The game ends at the top of the mountain, where Madeline and Badeline have combined, giving Madeline a better outlook on life, and a cool new ability where she can dash two times with her purple hair. This highlights the importance of working with your mental health and not ignoring problems. Learning the speedrun strats of Celeste represents combating the recurrence of anxiety and depression.

When you have issues with your mental health, it is usually not a one time thing. New awful events happen and you are left at the bottom of the abyss searching for a way out again. You are confused and panicking, hoping that you will see the light that will get you out of the darkness. When mental health issues do occur, you try the new techniques you used to cope with prior events, and you keep adapting and doing what is best for you.

Through my couple weeks of speedrunning Celeste, I have learned countless strategies to get through levels, and I know which ones I am good at and which ones I struggle with. Every time I run Forsaken City, I try the strats that I want to learn, sometimes I fail, and sometimes I succeed, but the weight of the succeeding and failing is heightened. Mistakes kill runs, successes encourage confidence.

When I got out of my first struggle with mental health, I felt relieved, but sadly I was not informed about mental health back then and did not know the feelings I once had would come back at full force. I felt invincible when I stopped coming home feeling pins and needles running through my body after every day of freshman year. The pain I was in, the constant lust for sleep, everything stopped and I thought that phase was, well, a phase. Little did I know, the feelings of grief when losing someone important to you, again, can bring back the darkness.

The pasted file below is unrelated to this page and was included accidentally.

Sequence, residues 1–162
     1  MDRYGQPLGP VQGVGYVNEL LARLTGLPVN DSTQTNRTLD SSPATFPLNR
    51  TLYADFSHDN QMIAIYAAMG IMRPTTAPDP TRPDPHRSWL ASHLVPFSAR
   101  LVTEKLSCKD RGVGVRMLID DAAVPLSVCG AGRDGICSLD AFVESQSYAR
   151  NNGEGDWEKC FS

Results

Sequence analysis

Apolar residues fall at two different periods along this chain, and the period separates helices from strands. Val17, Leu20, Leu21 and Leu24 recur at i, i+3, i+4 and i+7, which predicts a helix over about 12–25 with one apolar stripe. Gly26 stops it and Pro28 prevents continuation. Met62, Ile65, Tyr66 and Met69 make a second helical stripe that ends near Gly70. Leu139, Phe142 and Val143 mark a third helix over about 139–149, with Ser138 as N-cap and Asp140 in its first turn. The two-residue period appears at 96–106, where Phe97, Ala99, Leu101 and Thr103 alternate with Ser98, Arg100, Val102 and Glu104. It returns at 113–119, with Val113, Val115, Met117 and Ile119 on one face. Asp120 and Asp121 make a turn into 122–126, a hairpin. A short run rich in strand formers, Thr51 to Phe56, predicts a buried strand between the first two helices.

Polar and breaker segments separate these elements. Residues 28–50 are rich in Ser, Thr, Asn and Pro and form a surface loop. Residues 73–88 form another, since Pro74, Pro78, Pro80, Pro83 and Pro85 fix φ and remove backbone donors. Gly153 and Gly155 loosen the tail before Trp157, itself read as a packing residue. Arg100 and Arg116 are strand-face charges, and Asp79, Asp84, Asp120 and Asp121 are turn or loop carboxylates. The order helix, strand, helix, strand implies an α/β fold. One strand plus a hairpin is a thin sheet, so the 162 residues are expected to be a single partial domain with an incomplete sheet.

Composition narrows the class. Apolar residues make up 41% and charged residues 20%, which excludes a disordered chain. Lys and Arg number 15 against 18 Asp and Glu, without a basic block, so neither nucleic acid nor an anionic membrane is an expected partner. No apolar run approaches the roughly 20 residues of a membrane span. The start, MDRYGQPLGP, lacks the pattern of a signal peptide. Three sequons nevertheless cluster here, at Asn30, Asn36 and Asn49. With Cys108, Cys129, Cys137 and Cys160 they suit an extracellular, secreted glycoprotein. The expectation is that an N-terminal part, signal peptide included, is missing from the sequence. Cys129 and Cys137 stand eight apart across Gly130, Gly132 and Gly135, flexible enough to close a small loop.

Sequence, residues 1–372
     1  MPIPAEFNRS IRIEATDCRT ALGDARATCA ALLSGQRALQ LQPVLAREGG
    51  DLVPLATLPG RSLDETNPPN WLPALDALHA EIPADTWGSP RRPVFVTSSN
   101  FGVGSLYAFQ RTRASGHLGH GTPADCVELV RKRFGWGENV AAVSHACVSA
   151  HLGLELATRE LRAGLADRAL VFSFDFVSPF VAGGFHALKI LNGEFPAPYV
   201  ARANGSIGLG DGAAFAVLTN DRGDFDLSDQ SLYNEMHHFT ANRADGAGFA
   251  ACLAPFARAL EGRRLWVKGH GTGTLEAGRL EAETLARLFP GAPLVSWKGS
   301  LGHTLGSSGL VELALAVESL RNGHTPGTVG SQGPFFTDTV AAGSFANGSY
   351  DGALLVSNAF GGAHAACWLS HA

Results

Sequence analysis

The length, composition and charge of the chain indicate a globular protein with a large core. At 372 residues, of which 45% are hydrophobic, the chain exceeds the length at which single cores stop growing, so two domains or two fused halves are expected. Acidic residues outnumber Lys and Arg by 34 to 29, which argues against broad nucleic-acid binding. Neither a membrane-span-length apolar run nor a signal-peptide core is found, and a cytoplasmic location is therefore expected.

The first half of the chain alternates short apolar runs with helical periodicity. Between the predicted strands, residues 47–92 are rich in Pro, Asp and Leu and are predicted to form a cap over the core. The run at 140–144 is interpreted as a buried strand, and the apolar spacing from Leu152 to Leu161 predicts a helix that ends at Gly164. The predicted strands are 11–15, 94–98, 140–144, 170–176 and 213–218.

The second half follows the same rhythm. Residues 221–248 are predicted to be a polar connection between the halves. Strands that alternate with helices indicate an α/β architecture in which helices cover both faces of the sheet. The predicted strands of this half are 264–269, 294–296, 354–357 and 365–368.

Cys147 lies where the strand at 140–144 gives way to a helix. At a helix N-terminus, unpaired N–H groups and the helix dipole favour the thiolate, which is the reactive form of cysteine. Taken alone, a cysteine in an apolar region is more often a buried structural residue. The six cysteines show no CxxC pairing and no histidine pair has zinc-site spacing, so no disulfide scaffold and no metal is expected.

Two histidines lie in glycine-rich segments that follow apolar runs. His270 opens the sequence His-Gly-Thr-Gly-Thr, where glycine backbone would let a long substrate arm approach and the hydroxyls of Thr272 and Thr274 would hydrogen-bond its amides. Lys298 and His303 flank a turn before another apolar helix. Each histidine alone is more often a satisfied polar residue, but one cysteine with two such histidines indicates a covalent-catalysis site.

When I entered this new state of emotional degradation, I knew that I would be relying on friends and doing things that would keep me busy and happy. Some things, like deep conversations about my mental health, were extremely scary for me. I already get anxious about conversations, but conversations about my grief get me really anxious. The pins and needles return, but this time I fought through it. Sometimes I tried safe strats, little conversations here and there that would add a little time to the ticking time bomb. Other times I broke down and let everything out, regardless of how it made me feel at the time I knew it would be what is best for me.

The combination of these attempts at self-help paid off. I climbed out of my grief pit with a new understanding of myself and the world around me. The journey of speedrunning Celeste has changed my outlook on the game and its message, it has given me goals and more knowledge about various ways to improve myself, and through this brief period of learning Celeste I have grown emotionally attached to the game, and to the act of running it.

The simple mechanics caught my attention during my first playthrough of the game, and the complexity of the mechanics, and the potential they held, kept my interest, and will continue to inspire me for the rest of the year. There is always ways to get better and get yourself out of the darkness. You will have to try, fail, and try again. Find out what is best for you and accept that at times you will not be okay. You have all of the potential in the world, regardless of what you think of yourself, or what you have been told, continue living and dashing through life with the knowledge of your identity and your place in the wonderful, yet flawed, world we live in.